As I type this we’re winging our way back to Auckland and tomorrow, after 30 days on the road, we’ll begin our journey home.
New Zealand has been fantastic. Strikingly beautiful with rolling hills, rugged peaks, and gorgeous coastlines within easy reach from anywhere in the nation. The people are open and friendly but hold strong views which they share unhesitatingly. They want to protect their land and their Kiwi culture. They poke fun, often sharply, at the Aussies and worry (as do people in many countries in today’s world) about unchecked migration. China, in particular, was on the minds of many that we met and they seemed to view the huge crowds of Chinese tourists here for Chinese New Year with very mixed feelings.
The nation’s splendid isolation at the bottom of the world seems, however, to also create a certain insularity as well as a sense of removal — a separateness from the problems that dominate the news elsewhere in a world buffeted by problems that swiftly flow across our national boundaries.
Perhaps most striking to me was that here in New Zealand — a country seemingly so in tune with its natural surroundings — many people appeared to believe that climate change, global warming, sea level rise and ocean acidification — although issues of great concern –were all problems that would touch New Zealand less profoundly than they are other spots on our planet. I heard conservationists bemoan government indifference to unsustainable fishing practices, violation of law, and the sacrifice of habitat for endangered species because commercial fisheries declared there was “no problem.”
That may not be a fair characterization. I’ve only been here for eight days and I’m no expert on the nuances of the policy debates. I know that there are always points on both sides of the equation so I want to tread carefully.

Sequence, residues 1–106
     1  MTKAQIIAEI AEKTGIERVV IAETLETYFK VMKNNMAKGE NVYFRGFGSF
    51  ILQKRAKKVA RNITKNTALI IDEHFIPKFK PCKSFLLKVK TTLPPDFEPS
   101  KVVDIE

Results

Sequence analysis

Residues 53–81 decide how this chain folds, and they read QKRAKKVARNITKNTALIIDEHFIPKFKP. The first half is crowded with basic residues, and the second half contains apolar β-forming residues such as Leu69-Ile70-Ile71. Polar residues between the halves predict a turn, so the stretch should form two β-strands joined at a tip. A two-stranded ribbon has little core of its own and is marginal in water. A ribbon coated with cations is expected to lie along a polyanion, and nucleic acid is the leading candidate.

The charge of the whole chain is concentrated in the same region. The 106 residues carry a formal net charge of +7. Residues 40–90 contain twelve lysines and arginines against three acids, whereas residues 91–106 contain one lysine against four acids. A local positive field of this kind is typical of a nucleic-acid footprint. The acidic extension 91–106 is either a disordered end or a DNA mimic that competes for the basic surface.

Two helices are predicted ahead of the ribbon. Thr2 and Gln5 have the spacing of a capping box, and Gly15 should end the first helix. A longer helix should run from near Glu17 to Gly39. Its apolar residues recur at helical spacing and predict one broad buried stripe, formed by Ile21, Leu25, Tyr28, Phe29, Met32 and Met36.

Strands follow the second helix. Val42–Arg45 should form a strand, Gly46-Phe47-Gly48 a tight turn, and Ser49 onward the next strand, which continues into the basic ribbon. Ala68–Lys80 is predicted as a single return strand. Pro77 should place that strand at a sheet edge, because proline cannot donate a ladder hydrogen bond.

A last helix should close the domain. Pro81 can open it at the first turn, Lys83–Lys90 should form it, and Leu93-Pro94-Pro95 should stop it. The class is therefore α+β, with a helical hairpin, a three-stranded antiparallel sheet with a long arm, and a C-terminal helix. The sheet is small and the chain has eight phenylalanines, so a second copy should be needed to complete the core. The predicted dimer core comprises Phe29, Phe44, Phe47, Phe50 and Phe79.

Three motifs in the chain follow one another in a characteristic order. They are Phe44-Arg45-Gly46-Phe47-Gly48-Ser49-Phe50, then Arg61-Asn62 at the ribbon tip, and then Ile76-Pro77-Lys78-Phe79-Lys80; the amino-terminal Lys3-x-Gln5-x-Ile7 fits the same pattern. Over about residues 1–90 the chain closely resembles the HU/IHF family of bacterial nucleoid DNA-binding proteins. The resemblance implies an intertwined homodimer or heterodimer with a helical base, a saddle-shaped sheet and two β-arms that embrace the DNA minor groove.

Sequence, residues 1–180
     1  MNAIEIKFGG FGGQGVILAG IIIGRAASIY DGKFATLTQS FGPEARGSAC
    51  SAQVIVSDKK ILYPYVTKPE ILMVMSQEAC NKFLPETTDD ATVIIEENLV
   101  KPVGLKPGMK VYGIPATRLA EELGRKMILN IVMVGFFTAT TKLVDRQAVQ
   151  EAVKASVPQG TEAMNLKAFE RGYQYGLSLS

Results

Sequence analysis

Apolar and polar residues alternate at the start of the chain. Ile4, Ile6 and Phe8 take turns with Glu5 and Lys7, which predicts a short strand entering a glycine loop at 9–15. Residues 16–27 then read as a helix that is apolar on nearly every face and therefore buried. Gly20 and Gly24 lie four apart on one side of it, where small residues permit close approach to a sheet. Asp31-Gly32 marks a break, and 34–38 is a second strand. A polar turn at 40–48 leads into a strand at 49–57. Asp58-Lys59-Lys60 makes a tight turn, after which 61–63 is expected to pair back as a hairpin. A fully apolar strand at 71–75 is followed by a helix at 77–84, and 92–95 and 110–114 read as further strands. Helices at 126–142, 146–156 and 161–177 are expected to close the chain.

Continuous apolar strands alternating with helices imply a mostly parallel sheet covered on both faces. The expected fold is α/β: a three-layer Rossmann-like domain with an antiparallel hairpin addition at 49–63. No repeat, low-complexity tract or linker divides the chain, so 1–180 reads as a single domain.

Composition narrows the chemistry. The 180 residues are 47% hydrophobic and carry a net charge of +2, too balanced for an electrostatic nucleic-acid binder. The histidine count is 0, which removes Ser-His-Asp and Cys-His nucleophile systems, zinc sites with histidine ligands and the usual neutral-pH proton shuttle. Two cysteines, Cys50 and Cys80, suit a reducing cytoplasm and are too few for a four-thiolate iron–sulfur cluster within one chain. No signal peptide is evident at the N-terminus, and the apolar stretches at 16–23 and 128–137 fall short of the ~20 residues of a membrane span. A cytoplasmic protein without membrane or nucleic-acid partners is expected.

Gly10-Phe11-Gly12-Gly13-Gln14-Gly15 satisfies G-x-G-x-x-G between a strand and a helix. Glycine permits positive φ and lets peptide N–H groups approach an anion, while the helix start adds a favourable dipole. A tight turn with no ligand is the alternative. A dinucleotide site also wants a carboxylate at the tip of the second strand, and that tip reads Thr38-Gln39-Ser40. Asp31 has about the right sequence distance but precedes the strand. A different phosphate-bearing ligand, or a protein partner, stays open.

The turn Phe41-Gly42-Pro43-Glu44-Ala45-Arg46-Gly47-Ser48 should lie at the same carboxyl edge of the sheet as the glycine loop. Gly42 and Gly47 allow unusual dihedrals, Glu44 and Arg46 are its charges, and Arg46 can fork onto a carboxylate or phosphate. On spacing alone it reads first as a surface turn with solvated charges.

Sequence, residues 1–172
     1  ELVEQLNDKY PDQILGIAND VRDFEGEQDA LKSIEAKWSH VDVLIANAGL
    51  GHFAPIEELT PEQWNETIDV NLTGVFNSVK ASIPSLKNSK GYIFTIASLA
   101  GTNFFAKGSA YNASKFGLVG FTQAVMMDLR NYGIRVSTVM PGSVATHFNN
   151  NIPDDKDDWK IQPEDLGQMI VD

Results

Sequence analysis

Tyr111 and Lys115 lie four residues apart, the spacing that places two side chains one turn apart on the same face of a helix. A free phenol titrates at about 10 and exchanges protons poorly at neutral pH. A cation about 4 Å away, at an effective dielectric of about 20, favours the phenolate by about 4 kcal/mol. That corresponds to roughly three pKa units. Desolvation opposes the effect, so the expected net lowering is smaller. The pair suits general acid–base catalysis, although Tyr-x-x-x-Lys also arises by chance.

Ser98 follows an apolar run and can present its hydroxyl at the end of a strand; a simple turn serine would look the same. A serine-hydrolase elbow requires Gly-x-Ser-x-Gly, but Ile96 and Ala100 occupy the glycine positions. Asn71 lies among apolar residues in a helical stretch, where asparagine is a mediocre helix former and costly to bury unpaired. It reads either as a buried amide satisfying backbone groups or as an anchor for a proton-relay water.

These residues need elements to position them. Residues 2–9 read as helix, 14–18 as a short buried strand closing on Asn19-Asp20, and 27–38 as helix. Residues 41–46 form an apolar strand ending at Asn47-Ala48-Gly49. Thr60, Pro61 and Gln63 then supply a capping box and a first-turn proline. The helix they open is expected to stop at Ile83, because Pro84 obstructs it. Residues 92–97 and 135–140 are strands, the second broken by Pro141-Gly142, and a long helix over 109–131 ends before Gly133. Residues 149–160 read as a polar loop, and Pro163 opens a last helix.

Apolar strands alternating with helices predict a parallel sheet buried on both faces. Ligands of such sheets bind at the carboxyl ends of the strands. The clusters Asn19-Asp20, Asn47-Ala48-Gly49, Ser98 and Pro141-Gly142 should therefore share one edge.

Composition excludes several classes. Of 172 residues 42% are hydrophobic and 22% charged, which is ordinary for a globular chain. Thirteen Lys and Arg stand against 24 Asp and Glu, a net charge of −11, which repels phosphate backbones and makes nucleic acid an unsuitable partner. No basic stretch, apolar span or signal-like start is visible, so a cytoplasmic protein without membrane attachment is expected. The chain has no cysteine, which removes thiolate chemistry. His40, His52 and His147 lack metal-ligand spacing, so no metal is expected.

But I do worry that we cannot always afford to tread carefully given the challenges that lie ahead for the planet’s future! At least some Kiwis I met worry that commerce will triumph over common sense and, if history is a guide, they may have reason for concern.
Today, for example, folks scoff at the decision to import rabbits to New Zealand. Apparently the proponents of the idea thought rabbit pelts would be great for trade. But the rabbits became a national nuisance.
And folks are even more derisive about the choice to import weasels and stoats to kill the rabbits. Those creatures, of course, became a major biodiversity threat in their own right as they turned to dining on the nation’s endemic birds. The birds, many of which were flightless (because they had never had to worry about predators) were far easier to catch than rabbits. And the nation saw numerous indigenous species join the giant Moa and other flightless birds that had been hunted to extinction by Maori and English settlers.
Then there was the decision to import possums. Another great idea it seemed for commerce! But…you guessed it…possums too have become out of control pests, eating bird eggs and chicks, and spreading tuberculosis to cattle.
Previous generations also imported gorse seed to create hedges like those on the Canterbury Plains. But now gorse is an out of control invasive weed whose uprooting is a recurring challenge demanding considerable investment of time, effort, and money to control.
As an outsider, it is a bit ironic, given this history, to listen to Kiwis warn of all the things that swim, crawl, creep, and bite that can kill you in Australia. “Nothing like that in New Zealand” they crow. But although that may be true, the Aussies might argue it is better to live with the devils you know than those you create with the law of unintended consequences.
Folks here talk about their hope that the current generation has learned the lessons of the past, but I wonder. Surrounded by the vast ocean tracts that keep others at bay, it is easy to go your own way.
But even here, at the bottom of the world, I’ll keep my fingers crossed like those Kiwis who hope that the nation has truly learned from ill-considered choices of the past as it prepares to confront the challenges of the future.
Our current journey of over 9000 miles, five countries, and seven time zones reminds us that no matter how remote a spot may be we the world grows smaller and more connected all the time. And this trip has reminded me that we all share a collective responsibility for the stewardship of our planet; an obligation to those who follow us. I hope that all of us are up to the task.